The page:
Respiratory Contact of Zoonotic Pathogens
Four human coronaviruses (HCoV-229E, -NL63, -OC43, -HKU1) are responsible for causing the common cold. Of these, HCoV-229E originated in bats, and HCoV-OC43 in cattle. The zoonotic origins of the other two remain unknown.
Although these coronaviruses have low pathogenicity, they are mainly transmitted via airborne droplets to the nasal mucosa, and thus efficiently transmit between humans. Virus replicates locally in the upper respiratory tract. In the case of HCoV-229E, this is facilitated by an abundant supply of its receptor on non-ciliated bronchial epithelial cells.
Multiroute Transmission of Zoonotic Pathogens
Several routes have been identified for transmission of Ebola virus, which causes Ebola virus disease (EVD)—a hemorrhagic fever with a high fatality rate.
Direct contact with infected patients or their bodily fluids, as well as with contaminated surfaces or materials, is the main mode of transmission of the virus. Indeed, Ebola virus has been isolated from blood, breast milk, and semen of infected patients. Studies have also detected Ebola virus RNA in sweat, tears, and stool, as well as in samples from the skin, vagina, and rectum. In particular, the 2014 EVD outbreak emphasized the potential for sexual transmission of the virus.
Although some researchers hypothesized about the possibility of airborne transmission of Ebola virus, this mode of transmission is now considered unlikely. However, Ebola virus may be spread to humans through handling infected bushmeat and via contact with infected bats.
The authors discuss several pathogen-associated factors that promote H2H transmission of Ebola virus, including the high concentration of virus in bodily fluids, as well as its very low infectious dose.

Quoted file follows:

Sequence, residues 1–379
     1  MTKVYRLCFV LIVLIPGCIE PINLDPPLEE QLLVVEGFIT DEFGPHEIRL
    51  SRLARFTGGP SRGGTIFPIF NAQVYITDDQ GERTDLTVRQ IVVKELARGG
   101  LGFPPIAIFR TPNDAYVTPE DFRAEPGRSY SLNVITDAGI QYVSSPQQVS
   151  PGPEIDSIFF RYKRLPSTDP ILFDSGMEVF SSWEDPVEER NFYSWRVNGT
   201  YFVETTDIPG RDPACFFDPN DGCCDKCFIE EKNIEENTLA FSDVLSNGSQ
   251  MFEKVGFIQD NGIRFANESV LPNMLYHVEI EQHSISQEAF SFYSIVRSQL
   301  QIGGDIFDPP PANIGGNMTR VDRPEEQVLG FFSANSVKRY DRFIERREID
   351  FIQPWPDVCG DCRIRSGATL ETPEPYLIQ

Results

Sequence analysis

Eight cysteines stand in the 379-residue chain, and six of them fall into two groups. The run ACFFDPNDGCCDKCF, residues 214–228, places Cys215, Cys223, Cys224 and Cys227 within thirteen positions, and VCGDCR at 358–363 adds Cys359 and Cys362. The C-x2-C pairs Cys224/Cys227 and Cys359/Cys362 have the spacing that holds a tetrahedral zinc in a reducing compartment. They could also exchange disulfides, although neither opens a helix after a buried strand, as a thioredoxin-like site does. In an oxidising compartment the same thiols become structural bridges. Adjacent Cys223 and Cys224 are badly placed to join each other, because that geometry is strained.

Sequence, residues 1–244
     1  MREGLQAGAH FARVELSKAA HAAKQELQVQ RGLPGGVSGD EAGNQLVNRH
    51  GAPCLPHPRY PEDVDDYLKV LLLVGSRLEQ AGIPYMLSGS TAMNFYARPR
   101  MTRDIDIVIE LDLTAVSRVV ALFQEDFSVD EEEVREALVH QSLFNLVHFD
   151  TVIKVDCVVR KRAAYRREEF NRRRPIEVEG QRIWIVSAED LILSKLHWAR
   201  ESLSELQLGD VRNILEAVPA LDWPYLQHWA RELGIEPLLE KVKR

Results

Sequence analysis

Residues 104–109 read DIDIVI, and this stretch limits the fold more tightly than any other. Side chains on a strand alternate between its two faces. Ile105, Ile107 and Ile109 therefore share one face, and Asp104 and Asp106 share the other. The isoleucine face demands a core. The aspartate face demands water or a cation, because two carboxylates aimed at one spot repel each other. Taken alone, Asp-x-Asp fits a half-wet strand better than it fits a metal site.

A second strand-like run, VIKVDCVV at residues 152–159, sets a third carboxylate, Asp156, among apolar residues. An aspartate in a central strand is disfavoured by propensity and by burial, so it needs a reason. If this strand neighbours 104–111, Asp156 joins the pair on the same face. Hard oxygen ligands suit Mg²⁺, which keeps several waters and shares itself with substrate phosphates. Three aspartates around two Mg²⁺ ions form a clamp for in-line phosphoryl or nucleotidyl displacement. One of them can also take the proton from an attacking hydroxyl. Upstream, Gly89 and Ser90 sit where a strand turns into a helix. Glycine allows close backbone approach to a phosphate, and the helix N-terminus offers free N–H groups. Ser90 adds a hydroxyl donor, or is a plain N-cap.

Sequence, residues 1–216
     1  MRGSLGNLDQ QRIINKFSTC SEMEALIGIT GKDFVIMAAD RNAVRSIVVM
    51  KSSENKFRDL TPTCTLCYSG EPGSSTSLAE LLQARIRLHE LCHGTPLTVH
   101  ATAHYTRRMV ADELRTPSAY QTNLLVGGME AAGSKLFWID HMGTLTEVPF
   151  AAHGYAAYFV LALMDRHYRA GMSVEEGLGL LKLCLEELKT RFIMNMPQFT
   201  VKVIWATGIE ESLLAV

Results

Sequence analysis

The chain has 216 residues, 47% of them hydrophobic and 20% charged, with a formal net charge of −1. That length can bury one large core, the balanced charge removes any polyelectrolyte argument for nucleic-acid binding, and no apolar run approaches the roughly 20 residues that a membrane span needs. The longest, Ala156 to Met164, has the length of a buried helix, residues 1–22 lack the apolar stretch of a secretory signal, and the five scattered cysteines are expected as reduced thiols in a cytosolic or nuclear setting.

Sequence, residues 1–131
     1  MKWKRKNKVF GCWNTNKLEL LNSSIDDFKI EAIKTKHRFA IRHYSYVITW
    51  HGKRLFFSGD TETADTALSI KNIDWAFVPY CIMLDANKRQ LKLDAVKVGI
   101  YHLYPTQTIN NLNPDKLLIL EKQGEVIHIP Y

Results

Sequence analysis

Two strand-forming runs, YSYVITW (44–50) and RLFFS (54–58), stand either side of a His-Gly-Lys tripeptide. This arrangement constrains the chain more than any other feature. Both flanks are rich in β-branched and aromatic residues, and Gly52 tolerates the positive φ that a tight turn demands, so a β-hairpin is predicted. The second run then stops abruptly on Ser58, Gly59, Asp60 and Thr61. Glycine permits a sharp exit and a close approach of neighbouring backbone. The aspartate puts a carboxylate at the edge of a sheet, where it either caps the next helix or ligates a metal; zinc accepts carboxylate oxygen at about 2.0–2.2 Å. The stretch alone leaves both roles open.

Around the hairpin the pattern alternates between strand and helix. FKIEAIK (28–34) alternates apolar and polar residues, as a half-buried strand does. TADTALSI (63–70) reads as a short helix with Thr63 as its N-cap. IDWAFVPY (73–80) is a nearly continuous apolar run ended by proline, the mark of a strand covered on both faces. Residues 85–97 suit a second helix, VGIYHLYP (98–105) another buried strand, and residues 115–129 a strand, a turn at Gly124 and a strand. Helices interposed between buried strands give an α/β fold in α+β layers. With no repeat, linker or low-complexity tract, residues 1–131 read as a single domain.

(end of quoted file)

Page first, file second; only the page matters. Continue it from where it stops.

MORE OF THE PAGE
Human behaviors and societal factors also contribute to efficient transmission of the virus. For example, cultural traditions often involve mourners bathing in water from the washing of corpses. During the 2014 EVD outbreak in West Africa, inadequate health care systems in Guinea, Sierra Leone, and Liberia also contributed to disease spread, as did ease of travel between these countries. International travel-associated cases of EVD were also documented.
In their concluding remarks, the authors summarize that, while some factors were specific for a particular pathogen or mode of contact transmission, other factors (such as immune evasion, high viral load, and low infectious dose) were common to several modes of transmission.
“The identification of such factors will lead to a better understanding of the requirements for human-to-human spread of pathogens, as well as improving risk assessment of newly emerging pathogens,” they conclude.
Dr. Parry graduated from the University of Liverpool, England in 1997 and is a board-certified veterinary pathologist. After 13 years working in academia, she founded Midwest Veterinary Pathology, LLC where she now works as a private consultant. She is passionate about veterinary education and serves on the Indiana Veterinary Medical Association’s Continuing Education Committee. She regularly writes continuing education articles for veterinary organizations and journals, and has also served on the American College of Veterinary Pathologists’ Examination Committee and Education Committee.
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